“I like the age, the guys I’m coaching. Still kind of in that ‘hot zone’ where they’re still growing. They’re kind of learning to become men at this point but there’s a lot of growth that’s gotta happen in these years. I enjoy that part,” Riley said. “I enjoy the X’s and O’s, but I do enjoy at this level the different hats you have to wear, especially in this role as a head coach. I enjoy getting out and recruiting. I enjoy talking to these guys about their academics, about things going on in their lives you don’t necessarily have at other levels. There’s just a lot more going on, a lot more growth, a lot more things that are going to shape the rest of their lives and it’s kind of all yet to be determined for these guys. Kind of like being a part of this process with them. I like the vibe of college ball, I do. The way it’s set up, the rivalries. I just think the sport’s in such a good place right now, I do. I love that part of it. I always have.”

And Oklahoma?

“I love that fact that we’re invested here. I love the fact that we have what we need to be successful,” he said. “I love the fact that people care about our program, [which] has been nationally relevant for a long time. People here are invested in it, that the former players come back. I know how much it means to this community, to this state. … To coach football at any level, anywhere, this is absolutely one of the elite programs, regardless of level, without a doubt.

“There’s not a better job anywhere else.”

Barry Switzer, who won three national championships with the Sooners before later winning a Super Bowl with the Dallas Cowboys, certainly agrees.

“There would be a hell of a lot of NFL coaches who’d rather coach at Oklahoma,” Switzer said. “Because at Oklahoma, you’re one of the top five schools in the country. Everyone in coaching wants to get to an Oklahoma. The Alabamas, the Ohio States, the Oklahomas, they’re the top jobs in the country. Why? Because you can dictate. You can control your destiny. You can win. You can win consistently. You recruit consistently well. They’re paid tremendously now. They make a lot more than some of those damned NFL jobs.”

Riley is currently making $4.8 million at Oklahoma, plus up to $700K in bonuses. That already would rank middle of the pack in the NFL. Riley, however, has a clause that includes a $100K raise year, meaning Riley will earn roughly an average of $5 million per year through the life of the contract. Despite being at Oklahoma, Riley is still not one of the 15 highest-paid coaches in college football, according to USA Today, though that is sure to change soon after he’s put the Sooners back in the playoff.

“Pro football is a suitcase job,” said Switzer, referring to the number of times an NFL coach might have to move from job to job. “You think Bob Stoops is going [to] work it the rest of his life? He’s made $30-40 million dollars coaching Oklahoma.”

Riley already has Stoops-level job security in Norman with big paydays on the horizon. Yet that also doesn’t mean he’s destined to stay in college for the rest of his career like Stoops, either.

The NFL is ready. It could be a matter of time before Riley is, too.

“I think down the road, probably,” Mayfield said. “I’m not going to speak for him.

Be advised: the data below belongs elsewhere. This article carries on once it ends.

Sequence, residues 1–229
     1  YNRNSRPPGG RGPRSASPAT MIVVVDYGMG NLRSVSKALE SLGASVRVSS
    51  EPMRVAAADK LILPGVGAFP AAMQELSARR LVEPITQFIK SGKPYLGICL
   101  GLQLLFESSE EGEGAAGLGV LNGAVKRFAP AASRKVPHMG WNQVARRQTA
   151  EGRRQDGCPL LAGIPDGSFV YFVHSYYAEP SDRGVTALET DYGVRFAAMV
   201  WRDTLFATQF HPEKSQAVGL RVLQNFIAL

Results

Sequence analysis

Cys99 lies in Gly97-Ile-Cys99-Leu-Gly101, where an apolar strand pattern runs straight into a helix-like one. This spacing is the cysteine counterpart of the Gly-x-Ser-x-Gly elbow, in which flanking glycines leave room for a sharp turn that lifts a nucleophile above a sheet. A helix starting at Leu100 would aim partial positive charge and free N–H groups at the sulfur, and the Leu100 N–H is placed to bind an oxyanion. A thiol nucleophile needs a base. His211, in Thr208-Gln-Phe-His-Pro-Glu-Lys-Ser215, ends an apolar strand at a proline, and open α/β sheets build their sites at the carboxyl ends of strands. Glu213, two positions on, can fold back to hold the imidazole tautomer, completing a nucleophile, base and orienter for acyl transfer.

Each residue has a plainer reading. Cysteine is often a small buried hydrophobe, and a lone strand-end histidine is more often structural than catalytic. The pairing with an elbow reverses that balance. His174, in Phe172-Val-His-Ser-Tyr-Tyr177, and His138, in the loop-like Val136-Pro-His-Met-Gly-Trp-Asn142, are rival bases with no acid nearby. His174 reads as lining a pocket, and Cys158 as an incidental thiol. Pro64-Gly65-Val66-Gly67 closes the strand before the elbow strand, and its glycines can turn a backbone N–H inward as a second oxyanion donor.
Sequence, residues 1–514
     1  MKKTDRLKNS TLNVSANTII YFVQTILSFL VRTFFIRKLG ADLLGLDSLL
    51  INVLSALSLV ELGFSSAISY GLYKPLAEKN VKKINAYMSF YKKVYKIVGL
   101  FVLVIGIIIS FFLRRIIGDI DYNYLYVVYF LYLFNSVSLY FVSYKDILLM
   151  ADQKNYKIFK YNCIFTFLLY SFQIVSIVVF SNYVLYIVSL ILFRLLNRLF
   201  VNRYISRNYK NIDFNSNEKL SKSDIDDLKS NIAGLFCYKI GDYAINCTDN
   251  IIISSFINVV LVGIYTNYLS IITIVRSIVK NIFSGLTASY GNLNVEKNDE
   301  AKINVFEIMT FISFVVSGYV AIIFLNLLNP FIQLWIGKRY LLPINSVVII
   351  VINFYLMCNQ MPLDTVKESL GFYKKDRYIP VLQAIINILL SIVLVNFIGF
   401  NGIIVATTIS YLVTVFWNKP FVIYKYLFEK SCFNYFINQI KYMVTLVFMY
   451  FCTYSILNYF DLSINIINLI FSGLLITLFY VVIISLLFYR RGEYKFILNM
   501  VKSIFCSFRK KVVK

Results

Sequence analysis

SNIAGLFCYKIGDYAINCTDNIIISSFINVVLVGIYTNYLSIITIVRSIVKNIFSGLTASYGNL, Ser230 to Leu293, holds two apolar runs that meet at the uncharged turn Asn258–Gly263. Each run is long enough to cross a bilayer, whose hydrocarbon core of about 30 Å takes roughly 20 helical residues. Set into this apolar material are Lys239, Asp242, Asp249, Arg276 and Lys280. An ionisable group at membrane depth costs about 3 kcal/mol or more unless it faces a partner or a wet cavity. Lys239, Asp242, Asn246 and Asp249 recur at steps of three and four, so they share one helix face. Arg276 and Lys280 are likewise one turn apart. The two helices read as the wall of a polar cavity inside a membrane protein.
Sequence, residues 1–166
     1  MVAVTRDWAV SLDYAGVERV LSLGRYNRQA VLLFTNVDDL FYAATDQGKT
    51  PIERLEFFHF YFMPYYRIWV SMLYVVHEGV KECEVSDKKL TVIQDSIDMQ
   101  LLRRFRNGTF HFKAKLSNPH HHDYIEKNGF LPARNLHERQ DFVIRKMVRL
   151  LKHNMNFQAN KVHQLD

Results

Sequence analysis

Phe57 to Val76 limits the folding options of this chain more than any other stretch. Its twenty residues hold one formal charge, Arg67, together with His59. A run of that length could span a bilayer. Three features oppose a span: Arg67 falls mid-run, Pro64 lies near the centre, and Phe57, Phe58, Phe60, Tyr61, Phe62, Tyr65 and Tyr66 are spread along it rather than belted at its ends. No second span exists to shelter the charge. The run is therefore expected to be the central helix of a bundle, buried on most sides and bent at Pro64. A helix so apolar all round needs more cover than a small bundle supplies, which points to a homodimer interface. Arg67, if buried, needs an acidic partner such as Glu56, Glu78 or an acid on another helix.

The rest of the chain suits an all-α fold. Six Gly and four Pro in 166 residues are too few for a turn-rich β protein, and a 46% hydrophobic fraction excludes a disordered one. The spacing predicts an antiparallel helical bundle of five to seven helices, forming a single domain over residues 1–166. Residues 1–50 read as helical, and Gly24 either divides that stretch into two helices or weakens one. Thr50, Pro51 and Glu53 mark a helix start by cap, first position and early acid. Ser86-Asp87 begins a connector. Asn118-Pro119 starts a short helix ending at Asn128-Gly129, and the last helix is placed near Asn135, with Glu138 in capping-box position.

“But he’s ready whenever that time comes.”



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From streak to slump: What has happened to Adam Thielen? – Minnesota Vikings Blog

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EAGAN, Minn. — The Monday Night Football audience didn’t just sense Adam Thielen‘s frustrations, they heard them. Loud and clear.

After a 35-yard catch-and-run ahead of the two-minute warning in the second half of the Minnesota Vikings’ 21-7 loss at the Seattle Seahawks, ESPN’s field mics picked up a colorful outburst when the Pro Bowl wide receiver voiced his concern with what was transpiring on offense.

Thielen leads the NFL in receptions, with 103, but his production has decreased considerably since he posted 100 yards receiving for eight straight weeks to open the season. In Seattle, Thielen wasn’t targeted and didn’t catch his first pass until 6:12 left in the third quarter. For the first time in the past two seasons, he didn’t catch a pass in a half.

“A little bit frustration of not moving the ball,” Thielen said of his outburst. “When you’re an athlete and a competitor, you feel like you can win. So, you want the ball in your hand, you want opportunities. So that’s probably where that came from.”

It’s not like he wasn’t getting open. On Minnesota’s second drive of the game, Thielen was free of defenders 20 yards downfield. Sensing pressure, quarterback Kirk Cousins dumped off a pass behind him to running back Latavius Murray that went for 2 yards. Instead of finding Thielen on fourth down from Seattle’s 1-yard line with more than nine minutes to play in the game, Cousins targeted tight end Kyle Rudolph in double coverage in the back of the end zone. The pass was broken up, and the Vikings failed to score.

Thielen’s production dip has been noticeable since Week 9, when his 100-yard streak was snapped by the Detroit Lions. With Stefon Diggs sidelined due to an injury to his ribs, the Lions zeroed in on Thielen, limiting him to four catches for 22 yards.

After averaging 115.6 yards receiving in the first eight games of the season while catching 76 percent of his targets, Thielen has caught 64 percent of his targets over the past five weeks while averaging 62.2 yards per game. Amid a rough stretch for Minnesota’s offense, Thielen was back to his ways against the Green Bay Packers in Week 12 (eight catches for 125 yards and a touchdown), but he has been quiet outside of that.

Thielen isn’t the only one whose numbers have decreased after a hot start. Diggs has gone three straight games without eclipsing 100 yards receiving, and he was visibly frustrated during a defeat at the New England Patriots as cameras caught him ripping off his helmet and screaming after being left wide open.

So what’s happening?